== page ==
Accretion discs are also found in binary star systems. It happens when the two stars are of unequal ages and sizes and close together – the younger one will have lived out its life and become a white dwarf or even neutron star, then, when the older one reaches the end of its main sequence life, it expands. It it expands sufficiently, the outer envelope of gases can be more strongly attracted by the gravity of the smaller star and forms an accretion disc around the other.

The physics of an accretion disc is way beyond what we intend to explain here, however, if you want a detailed explanation, click here.

Aperture Synthesis

A technique used in radio astronomy where by an array of radio telescope dishes are used together, effectively giving the observer a much larger dish size e.g. the VLA in New Mexico. More recently, as technology has improved, it has been possible to link smaller optical telescopes on the same site to act as if they have a much larger resolving power, thus extending the range and usefulness of Earth based telescopes.

Binary Star

double star in which the components orbit one another. Some binary systems orbit so close to one-another the two stars are distorted by each other’s gravity.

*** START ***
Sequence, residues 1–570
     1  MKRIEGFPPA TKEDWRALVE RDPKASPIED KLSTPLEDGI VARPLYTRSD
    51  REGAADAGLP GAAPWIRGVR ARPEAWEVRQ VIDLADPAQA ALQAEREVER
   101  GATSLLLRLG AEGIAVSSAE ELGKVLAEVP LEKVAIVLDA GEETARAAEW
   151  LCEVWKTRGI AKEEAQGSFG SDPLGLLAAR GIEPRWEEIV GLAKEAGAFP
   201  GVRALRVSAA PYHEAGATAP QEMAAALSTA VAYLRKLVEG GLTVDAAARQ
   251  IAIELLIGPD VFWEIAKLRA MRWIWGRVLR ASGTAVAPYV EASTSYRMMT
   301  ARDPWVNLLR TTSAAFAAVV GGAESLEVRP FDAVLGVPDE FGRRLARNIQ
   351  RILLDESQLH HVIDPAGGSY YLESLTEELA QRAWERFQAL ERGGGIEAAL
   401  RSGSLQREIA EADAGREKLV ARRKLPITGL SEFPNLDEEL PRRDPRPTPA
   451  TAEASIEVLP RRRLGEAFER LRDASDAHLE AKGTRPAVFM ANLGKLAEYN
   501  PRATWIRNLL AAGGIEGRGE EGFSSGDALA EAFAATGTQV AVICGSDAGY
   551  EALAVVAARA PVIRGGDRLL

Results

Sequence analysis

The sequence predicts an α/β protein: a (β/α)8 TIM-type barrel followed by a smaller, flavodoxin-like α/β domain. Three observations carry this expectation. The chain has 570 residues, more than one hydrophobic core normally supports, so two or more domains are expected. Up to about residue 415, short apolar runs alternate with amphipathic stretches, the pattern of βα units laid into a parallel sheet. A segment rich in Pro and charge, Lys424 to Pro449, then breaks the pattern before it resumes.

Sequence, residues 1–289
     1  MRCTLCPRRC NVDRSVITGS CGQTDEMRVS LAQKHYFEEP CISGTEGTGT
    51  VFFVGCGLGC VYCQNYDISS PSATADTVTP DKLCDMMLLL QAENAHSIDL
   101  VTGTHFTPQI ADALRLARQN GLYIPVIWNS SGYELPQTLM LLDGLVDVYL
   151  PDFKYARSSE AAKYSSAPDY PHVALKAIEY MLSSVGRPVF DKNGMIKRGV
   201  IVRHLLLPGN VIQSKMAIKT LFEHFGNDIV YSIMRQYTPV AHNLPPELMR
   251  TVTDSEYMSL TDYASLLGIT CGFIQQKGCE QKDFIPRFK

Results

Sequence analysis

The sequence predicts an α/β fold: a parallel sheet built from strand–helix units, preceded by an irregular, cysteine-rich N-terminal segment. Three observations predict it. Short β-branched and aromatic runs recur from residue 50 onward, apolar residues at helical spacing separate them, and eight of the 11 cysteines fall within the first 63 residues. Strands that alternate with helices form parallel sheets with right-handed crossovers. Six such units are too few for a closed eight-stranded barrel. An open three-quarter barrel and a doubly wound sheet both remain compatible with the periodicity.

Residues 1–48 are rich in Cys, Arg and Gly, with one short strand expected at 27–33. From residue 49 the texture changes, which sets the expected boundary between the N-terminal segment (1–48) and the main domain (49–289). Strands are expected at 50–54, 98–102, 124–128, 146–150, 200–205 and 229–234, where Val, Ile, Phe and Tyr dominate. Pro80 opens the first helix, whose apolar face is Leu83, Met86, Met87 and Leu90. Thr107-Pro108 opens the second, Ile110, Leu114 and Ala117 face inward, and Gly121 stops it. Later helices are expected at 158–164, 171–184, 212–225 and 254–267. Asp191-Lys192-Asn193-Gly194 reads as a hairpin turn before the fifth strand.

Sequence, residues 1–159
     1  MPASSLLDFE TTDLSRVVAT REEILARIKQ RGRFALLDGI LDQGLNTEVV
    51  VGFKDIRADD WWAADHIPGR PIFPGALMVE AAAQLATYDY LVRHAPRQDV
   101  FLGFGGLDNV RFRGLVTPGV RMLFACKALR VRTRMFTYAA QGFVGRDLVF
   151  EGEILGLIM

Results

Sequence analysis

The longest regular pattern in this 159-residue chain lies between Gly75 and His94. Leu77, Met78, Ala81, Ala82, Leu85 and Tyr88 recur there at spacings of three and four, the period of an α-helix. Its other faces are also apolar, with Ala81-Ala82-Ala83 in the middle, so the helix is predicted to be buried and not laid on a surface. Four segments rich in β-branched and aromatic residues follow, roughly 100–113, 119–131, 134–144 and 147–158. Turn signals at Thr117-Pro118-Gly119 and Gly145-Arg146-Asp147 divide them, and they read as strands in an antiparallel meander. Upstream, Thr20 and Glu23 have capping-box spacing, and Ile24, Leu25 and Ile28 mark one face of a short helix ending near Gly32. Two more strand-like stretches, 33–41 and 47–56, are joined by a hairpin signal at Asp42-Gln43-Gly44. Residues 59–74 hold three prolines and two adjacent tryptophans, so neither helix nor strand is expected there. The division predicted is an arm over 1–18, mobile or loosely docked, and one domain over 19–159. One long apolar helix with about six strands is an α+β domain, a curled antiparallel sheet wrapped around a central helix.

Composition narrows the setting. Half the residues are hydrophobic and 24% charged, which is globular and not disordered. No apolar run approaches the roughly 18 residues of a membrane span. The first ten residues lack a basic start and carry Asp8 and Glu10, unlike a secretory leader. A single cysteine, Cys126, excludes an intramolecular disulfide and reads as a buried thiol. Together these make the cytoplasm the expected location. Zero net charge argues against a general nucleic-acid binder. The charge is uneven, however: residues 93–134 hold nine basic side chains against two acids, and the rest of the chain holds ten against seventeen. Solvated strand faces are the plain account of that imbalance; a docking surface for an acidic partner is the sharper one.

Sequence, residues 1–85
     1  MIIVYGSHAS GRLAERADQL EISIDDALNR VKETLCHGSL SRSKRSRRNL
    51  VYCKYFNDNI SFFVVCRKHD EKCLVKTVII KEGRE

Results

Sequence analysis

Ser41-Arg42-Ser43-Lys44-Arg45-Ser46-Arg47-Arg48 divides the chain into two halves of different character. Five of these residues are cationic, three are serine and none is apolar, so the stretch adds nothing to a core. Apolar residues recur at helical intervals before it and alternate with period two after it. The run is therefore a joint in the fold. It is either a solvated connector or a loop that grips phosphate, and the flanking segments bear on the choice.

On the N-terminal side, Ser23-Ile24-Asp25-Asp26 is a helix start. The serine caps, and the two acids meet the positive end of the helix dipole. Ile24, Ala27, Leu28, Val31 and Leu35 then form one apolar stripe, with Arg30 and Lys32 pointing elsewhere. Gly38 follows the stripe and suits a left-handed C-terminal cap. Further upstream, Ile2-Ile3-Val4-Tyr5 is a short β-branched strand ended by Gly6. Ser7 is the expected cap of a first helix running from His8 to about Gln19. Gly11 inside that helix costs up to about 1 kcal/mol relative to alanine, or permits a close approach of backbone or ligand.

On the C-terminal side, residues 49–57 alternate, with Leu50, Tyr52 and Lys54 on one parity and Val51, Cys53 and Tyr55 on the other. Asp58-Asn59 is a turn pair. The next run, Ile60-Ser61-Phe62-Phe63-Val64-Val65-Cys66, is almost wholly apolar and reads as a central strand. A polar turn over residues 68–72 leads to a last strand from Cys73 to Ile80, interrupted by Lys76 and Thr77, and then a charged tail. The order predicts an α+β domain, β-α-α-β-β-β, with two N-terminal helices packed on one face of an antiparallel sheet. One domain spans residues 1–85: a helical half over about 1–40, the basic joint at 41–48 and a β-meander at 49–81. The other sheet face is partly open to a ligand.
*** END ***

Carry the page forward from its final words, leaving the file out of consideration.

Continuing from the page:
If the two stars eclipse one-another when seen from the Earth, the light changes regularly and predictably over a period of time. This type of binary is an eclipsing binary and is a type of variable star.

BL Lacertae object

Named after the first discovered member of this type of object. It appeared to be a variable star at first but it was realised that they were much more luminous than stars. They are less luminous than quasars and one idea is that a BL Lacertae object is a quasar seen from a narrow angle.

Black Hole

I guess no-one will probably see this page …

A localised region of space from which not even light can escape, due to a super massive star collapsing in on itself. This is because the gravitational field of a black hole is so strong that the escape velocity is greater than the speed of light. Astronomers believe that the location of large black holes can be observed because of radiation emitted from the accretion disc as matter is pulled into the black hole. The event horizon marks the outer limits of these objects.